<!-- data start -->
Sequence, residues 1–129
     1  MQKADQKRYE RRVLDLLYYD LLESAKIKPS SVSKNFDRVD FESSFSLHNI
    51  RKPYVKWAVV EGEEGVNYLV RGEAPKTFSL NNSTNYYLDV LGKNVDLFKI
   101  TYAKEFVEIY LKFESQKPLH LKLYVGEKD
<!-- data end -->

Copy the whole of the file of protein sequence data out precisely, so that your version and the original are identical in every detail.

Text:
Sequence, residues 1–129
     1  MQKADQKRYE RRVLDLLYYD LLESAKIKPS SVSKNFDRVD FESSFSLHNI
    51  RKPYVKWAVV EGEEGVNYLV RGEAPKTFSL NNSTNYYLDV LGKNVDLFKI
   101  TYAKEFVEIY LKFESQKPLH LKLYVGEKD